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Pyramid scheme law 'too little, too late'

Experts want stiffer penalties to tackle fraud

  • ucanews.com reporter, Dhaka
  • Bangladesh
  • September 19, 2012
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Government plans to introduce a law to regulate companies operating pyramid schemes do not go far enough, financial experts and economists said yesterday.

On Monday the government said it aims to put before parliament a Multi-level Marketing Control Bill, aimed specifically at controlling how these financial services operate.

The move comes amid a growing number of cases where people say they have been cheated out of their life savings with bogus promises by pyramid scheme companies that have sprung up in Bangladesh in recent years, promising investors quick and lucrative returns.

Destiny, the country’s largest multi-level marketing (MLM) company with over 4.3 million customers, is currently being probed by the Central Bank and National Board of Revenue over allegations of fraud, money laundering and tax evasion.

A lack of regulation and legal safeguards has made it difficult for authorities to prosecute fraudsters under existing laws.

“Over the past few years there have been many allegations of irregularities, tax evasion and corruption, leveled against companies, largely because there was no specific and effective law to regulate them,” said cabinet secretary Mosharraf Hossain.

These businesses are comparatively new to the country and some have cheated millions of people, he added.

The bill announced on Monday will prohibit companies like Destiny from doing business without a license and demand greater transparency. It will also impose what the government calls stiff penalties in the event of fraud, money laundering or tax evasion.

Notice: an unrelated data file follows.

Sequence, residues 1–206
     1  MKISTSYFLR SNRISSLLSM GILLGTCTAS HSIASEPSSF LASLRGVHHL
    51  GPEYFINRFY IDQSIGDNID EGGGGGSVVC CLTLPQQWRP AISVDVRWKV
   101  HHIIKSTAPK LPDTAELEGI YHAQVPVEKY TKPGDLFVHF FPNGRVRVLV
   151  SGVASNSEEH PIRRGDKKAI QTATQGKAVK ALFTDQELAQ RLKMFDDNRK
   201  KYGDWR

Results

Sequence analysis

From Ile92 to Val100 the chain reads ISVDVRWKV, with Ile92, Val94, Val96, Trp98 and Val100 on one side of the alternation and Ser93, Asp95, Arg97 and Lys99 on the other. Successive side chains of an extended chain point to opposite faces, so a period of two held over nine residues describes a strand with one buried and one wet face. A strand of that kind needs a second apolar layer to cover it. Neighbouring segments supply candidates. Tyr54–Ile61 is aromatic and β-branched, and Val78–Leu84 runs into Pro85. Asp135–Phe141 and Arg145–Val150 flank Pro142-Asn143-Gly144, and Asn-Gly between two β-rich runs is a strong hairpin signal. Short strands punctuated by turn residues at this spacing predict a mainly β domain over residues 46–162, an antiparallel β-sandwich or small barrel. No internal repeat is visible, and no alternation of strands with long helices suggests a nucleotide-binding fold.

Offenders could face jail terms of 3-5 years and a 5 million taka (US$61,000) fine for any irregularities.

Victims who fall prey to fraudsters can expect double the compensation they get now, according to the proposed legislation.

While welcoming the move, many financial experts and economists say the proposed law should be even tougher.

“The proposed law is welcome but the penalties for irregularities seem too low. Directors of companies that amass billions of taka by cheating people should face 14 years jail and a one billion taka fine,” said Shafique-uz-Zaman, professor of Economics at Dhaka University.

Aminul Islam, a spokesman for the Bangladesh Direct Selling Association, a forum of 30 MLM companies, said a few rotten apples have tarnished the reputations of many others.

“We have pressed the government for ages to introduce laws to regulate the MLM business. It’s being done, but too late. Because some companies were accused of cheating, people now think the whole sector is bad,”  he said.

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